Microplastics in farmed oysters (Crassostrea iredalei) from Capiz, Philippines
ARABELLA SHAYNE S. BRAÑA, MARIAMA LOIS P. CELESTIAL, RYNE JETHRO M. MOLINA, and CATHERINE JOY A. MEDIODIA
Philippine Science High School Western Visayas Campus – Department of Science and Technology (DOST-PSHSWVC), Brgy. Bito-on, Jaro, Iloilo City 5000, Philippines
Microplastics (plastic particles <5 mm in size) have been increasingly abundant, especially in filter-feeders. Oysters are commercially farmed and highly consumed in the Philippines. This study determined the presence of microplastics in commercial oysters (Crassostrea iredalei) sold in public markets from Cagay, Culajao, and Ivisan, Capiz. Thirty oysters yielded 47.6 g of meat, which were homogenized, divided into nine portions for KOH digestion, and incubated at 40 °C for 48 h. The digestates were passed through 25 μm Whatman filter paper. The retained particles were viewed under a microscope, identified by GESAMP descriptors, photographed, counted, and measured. Three residues were analyzed by FTIR spectroscopy to identify the chemical origin of the microplastics. The study confirmed the presence of microplastics in the oysters. The 38 microplastic particles were mostly fibers with some sheets. Their sizes ranged from 109 μm to 3.3 mm, and did not significantly differ among the three source locations. Only the sheet particle had a 49% match with cellophane.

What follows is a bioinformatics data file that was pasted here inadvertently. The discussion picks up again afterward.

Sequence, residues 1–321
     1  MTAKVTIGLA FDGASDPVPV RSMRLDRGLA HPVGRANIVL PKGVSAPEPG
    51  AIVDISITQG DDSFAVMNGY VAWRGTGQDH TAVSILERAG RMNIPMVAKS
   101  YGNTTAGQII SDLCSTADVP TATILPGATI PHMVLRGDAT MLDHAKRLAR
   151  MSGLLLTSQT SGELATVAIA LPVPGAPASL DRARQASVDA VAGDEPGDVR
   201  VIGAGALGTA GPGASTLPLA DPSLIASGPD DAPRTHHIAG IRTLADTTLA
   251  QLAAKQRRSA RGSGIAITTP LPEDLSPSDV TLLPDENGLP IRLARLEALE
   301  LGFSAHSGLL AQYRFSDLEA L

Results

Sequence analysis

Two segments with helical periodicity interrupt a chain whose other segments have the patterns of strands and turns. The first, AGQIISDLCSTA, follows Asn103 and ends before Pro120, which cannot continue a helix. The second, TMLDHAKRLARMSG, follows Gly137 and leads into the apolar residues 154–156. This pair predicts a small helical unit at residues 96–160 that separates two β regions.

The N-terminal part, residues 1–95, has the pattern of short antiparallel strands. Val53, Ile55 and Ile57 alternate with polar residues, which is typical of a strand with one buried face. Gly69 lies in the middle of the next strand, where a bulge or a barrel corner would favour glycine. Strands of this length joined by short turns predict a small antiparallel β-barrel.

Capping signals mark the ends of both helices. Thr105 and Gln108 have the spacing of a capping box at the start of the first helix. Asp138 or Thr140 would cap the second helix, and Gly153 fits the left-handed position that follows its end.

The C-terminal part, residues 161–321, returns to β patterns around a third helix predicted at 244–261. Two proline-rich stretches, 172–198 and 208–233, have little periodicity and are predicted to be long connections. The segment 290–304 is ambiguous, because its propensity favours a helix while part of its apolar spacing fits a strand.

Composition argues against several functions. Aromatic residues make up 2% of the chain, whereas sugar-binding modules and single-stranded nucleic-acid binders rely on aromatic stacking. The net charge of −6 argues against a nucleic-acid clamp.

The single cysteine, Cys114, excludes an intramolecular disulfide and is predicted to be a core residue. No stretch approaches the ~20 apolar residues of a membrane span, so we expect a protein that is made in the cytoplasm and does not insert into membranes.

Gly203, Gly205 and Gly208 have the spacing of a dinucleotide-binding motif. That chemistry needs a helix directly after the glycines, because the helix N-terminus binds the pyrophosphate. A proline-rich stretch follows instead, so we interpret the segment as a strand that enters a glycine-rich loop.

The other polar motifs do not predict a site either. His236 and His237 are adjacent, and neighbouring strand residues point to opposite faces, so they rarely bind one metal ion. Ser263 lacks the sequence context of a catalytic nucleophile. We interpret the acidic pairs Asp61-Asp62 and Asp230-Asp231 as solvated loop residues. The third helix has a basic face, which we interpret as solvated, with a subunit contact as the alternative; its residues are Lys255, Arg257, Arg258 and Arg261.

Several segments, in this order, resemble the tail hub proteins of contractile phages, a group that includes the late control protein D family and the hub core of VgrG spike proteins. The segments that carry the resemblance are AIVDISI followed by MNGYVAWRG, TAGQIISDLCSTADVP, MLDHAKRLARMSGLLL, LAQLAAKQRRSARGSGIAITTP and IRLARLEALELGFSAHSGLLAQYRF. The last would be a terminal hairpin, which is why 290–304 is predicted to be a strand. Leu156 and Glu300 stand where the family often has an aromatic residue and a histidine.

Keywords: microplastic, oyster, Crassostrea iredalei, FTIR, KOH digestion